US5427098 *Mar 14, 1994Jun 27, 1995Biofield Corp.Noninvasive method for determining treatment based upon lesion cell proliferation measurements
US5499631 *Nov 10, 1992Mar 19, 1996Rheintechnik Weiland & Kaspar Kg MaschinenfabrikMethod of measuring the electric conductivity of body fluids, and test probe for carrying out the method
US5560358 *Sep 8, 1994Oct 1, 1996Radionics, Inc.Connector design for multi-contact medical electrode
US5800350 *Feb 14, 1997Sep 1, 1998Polartechnics, LimitedApparatus for tissue type recognition
US5846196 *Dec 12, 1996Dec 8, 1998Cordis Europa N.V.Intravascular multielectrode cardiac mapping probe
US6073039 *Nov 7, 1997Jun 6, 2000The United States Of America As Represented By The Department Of Health And Human ServicesDevice and method for real-time monitoring of an electrocardiogram during magnetic resonance imaging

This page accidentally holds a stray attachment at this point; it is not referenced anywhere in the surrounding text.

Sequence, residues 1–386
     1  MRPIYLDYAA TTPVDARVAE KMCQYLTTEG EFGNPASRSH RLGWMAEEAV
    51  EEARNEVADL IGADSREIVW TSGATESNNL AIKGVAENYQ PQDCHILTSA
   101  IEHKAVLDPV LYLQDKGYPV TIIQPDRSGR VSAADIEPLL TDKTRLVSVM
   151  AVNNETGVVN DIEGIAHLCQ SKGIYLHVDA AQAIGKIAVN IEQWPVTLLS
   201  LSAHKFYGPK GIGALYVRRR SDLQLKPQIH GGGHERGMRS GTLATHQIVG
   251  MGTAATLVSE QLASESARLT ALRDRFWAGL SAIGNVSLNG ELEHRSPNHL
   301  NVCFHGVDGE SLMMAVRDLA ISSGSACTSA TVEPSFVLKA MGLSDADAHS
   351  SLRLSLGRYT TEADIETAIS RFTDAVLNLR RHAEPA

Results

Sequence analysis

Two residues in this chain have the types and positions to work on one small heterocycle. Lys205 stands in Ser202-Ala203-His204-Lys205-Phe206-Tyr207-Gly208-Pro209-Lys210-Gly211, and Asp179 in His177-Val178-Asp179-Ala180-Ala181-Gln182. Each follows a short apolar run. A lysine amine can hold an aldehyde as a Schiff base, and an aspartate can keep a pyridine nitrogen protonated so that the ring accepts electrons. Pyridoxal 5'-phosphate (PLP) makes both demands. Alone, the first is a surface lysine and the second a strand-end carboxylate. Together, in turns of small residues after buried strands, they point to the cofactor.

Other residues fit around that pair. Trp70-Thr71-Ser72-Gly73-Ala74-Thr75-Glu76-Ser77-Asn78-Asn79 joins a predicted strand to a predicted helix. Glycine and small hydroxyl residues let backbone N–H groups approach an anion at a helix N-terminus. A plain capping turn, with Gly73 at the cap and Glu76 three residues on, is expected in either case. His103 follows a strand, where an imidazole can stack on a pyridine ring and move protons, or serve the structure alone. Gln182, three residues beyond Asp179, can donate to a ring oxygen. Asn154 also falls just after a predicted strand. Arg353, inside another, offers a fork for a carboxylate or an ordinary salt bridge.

US6091981 *Sep 16, 1997Jul 18, 2000Assurance Medical Inc.Clinical tissue examination
US6122544 *Apr 29, 1999Sep 19, 2000Organ; Leslie WilliamElectrical impedance method and apparatus for detecting and diagnosing diseases
US6157697Mar 23, 1999Dec 5, 2000Siemens AktiengesellschaftApparatus using X-rays and measurement of electrical potentials for examining living tissue
US6167300 *Mar 8, 1999Dec 26, 2000Tci IncorporatedElectric mammograph
US6501984 *Nov 25, 1997Dec 31, 2002Computing Devices Canada Ltd.Electrical impedance tomography method and electrode arrangement for use therein